The Stranger in Her Bed Mass Market Paperback – Jan 30 2007
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Chapman continues the story of the rough and tough Knight family from The Seduction of His Wife (2006). Anna Segee is back, working in her hometown at Loon Creek Mill and living at the old, isolated place her grandfather left her without anyone knowing her identity. She runs a tight ship as the foreman of Loon Creek Mill in northern Maine. When the new man causes an accident, she fires him, which has nothing to do with the fact that he punched her in the face. Ethan Knight has never hit a woman before, and when he returns to the mill as the new owner, he has to deal with Anna and his remorse. As for Anna, she is determined to prove herself in a man's world. Nothing is going to stop her, not even Ethan, who was her knight in shining armor as a child. Chapman tells a thoroughly enjoyable tale of a modern-day knight and his feisty ladylove set in the rugged mountains of Maine. Patty Engelmann
Copyright © American Library Association. All rights reserved
"Janet Chapman is a keeper." -- Linda HowardSee all Product Description
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Anna has always had a crush on Ethan, so when he steps out in front of her loader, she dumps her load in order to protect him. On his first day at the mill, he doesn't make a good impression - Anna fires him. When he returns weeks later as the owner/manager, sparks continue to fly, particularly since his father has arranged for him to bunk in one of the vacant cabins on Anna's property (and Ethan discovers what she wears under her work clothes). As the two start to fall for each other, they discover that someone wants to do harm to Anna, and the culprits have broken into her many outbuildings in search of who knows what...
Chapman's second in the Knight family of Maine is a fun read from cover to cover. When the mention of a ghost appeared in the first chapter, I almost tossed the book at the wall, but thankfully there was no paranormal crud to be found. Ethan and Anna are a great and charismatic couple - definitely equals in a battle of the sexes. The secondary characters, including her four burly French-Canadian lumberjack brothers, keep the story grounded.
Anna had a huge crush on Ethan when she was young and he saved her. Her grandfather shipped her off to her father after "the incident." He did it for her own good, but Anna is just now figuring that part out, after his death. She's gotten past her childhood traumas, but can't get past her crush on Ethan. The fact that he keeps saving her doesn't help.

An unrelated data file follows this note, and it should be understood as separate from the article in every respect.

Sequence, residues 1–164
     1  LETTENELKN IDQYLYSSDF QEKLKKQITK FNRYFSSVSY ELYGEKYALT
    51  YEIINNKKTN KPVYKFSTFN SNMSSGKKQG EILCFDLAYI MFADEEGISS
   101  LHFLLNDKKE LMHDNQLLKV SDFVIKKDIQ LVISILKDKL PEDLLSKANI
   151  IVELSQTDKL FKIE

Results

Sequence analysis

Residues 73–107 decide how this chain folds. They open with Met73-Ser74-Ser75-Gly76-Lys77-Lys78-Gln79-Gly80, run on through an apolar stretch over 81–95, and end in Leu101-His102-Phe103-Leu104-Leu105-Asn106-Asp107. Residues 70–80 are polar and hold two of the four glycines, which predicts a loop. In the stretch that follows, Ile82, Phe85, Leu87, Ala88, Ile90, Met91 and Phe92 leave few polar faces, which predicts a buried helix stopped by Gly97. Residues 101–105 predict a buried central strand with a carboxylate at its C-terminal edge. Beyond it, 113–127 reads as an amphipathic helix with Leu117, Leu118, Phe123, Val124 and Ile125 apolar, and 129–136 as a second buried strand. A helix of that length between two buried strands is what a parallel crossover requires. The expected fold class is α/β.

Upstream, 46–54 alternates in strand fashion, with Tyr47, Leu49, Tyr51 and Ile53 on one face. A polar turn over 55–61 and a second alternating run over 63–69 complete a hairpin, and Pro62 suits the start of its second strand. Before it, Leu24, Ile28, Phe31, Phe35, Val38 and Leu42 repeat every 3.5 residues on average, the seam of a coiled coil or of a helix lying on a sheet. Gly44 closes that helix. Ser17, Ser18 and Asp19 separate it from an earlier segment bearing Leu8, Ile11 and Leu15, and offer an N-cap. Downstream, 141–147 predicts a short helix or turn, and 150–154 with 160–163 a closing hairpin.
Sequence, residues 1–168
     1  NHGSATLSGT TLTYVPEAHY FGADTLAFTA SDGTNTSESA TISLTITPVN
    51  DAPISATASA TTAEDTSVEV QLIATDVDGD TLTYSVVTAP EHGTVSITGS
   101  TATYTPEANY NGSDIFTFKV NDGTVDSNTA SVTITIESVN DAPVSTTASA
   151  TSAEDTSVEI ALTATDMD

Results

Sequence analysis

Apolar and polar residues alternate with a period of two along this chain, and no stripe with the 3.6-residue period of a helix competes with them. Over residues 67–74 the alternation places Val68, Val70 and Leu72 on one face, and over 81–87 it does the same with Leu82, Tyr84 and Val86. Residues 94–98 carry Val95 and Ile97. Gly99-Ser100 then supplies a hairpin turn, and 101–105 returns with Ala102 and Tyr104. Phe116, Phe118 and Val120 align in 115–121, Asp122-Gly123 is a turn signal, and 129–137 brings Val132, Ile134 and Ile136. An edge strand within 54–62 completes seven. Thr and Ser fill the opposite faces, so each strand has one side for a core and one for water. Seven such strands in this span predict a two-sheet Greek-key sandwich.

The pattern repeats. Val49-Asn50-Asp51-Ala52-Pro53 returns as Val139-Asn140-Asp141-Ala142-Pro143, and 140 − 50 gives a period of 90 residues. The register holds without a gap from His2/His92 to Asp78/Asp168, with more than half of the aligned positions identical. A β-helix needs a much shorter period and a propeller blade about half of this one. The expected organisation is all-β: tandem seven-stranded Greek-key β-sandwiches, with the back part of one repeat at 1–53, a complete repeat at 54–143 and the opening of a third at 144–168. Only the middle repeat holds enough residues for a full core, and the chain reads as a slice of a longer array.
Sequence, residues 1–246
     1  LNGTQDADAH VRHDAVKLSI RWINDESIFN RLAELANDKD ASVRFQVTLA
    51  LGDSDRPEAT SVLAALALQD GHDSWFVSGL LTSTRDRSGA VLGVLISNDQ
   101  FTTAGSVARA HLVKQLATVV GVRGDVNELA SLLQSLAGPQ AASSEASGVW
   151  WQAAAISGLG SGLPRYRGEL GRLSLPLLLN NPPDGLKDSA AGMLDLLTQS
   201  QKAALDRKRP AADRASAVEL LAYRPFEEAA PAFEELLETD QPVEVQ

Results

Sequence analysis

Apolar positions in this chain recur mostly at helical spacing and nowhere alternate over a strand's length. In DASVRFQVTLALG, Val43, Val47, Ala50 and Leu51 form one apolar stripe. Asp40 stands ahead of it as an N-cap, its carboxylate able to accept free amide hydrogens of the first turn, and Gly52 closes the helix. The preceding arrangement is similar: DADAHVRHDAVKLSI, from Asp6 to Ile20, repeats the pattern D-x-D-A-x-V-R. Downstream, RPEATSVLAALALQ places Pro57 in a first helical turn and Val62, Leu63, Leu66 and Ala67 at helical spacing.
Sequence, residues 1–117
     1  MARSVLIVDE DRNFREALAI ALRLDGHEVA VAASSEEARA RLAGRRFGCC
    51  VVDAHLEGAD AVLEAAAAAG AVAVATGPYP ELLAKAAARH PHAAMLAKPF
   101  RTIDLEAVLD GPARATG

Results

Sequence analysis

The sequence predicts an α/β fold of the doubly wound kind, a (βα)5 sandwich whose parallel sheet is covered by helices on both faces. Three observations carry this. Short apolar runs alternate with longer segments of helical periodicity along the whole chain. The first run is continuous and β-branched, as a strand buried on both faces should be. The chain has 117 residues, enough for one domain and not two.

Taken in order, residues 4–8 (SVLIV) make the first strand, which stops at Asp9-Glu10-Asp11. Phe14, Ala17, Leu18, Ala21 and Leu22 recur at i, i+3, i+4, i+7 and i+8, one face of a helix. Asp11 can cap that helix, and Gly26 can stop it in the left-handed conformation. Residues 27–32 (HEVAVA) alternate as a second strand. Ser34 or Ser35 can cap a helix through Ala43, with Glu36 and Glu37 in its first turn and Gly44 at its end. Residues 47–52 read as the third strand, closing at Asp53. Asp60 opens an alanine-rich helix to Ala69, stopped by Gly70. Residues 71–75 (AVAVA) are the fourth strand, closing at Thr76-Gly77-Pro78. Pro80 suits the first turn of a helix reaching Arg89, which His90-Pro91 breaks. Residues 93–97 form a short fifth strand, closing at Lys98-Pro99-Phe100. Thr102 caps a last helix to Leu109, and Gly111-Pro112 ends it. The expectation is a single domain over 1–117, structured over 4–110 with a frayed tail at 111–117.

A great story, and a beautiful addition to the series.
A couple of criticisms...there seemed to be a few inconsistencies between this book and the first one. I can't remember what they were, but there were a few details that didn't match up. I didn't like how Chapman handled Ethan figuring out who Anna really was. It was kinda like - don't you think, Abby? (the heroine's real name) And that was it. We didn't get his thought process or much of a reaction and that was disappointing. Another thing I hated was the sanitized language. You can only read so many "holy smokes!" or "goshes" before you want to smack your head. Maybe it's just me, but if you're going to write a sexually explicit scene, you should be able to curse. I'm not saying there had to be 5-star swear words all over the place, but a couple of the less objectionable ones wouldn't have hurt. Or even just some variety in the "pretty" swears would have been nice. I just got really tired of read "holy smokes" every couple pages.
I think the most disappointed aspect of the book was realizing that Chapman wasn't going to do a story for the third brother, Paul. She married him off in this one in few pages and that was that. It just seemed a bit lame after building up this thing with three bachelor brothers in the first book. I was looking forward to a third story.
Overall, I liked the book enough. It was a cute romance, nice chemistry and characters, and a solid storyline. But I wouldn't say it was utterly fabulous. It was just a solidly slightly above average read.
Man overbearing, arrogant, sexist jerk.
Anna being the foreman was a big part of the plot yet Ethan fired her for something anyone else would have gotten away with, at most, a reprimand. She barely raises a fuss and she still keeps seeing him and letting him use her. I hate books like this where the tough, independent woman turns into a doormat.
Inconsistencies. EX: Anna could hear a whispered conversation from over 300 feet? Not unless she has Superman ears.
Why didn't Paul's get his own book? His story was covered in a few pages. I'm not sure if this is the end of this particular series or not. I like Janet Chapman but this book just didn't do it for me. A 3 is kind.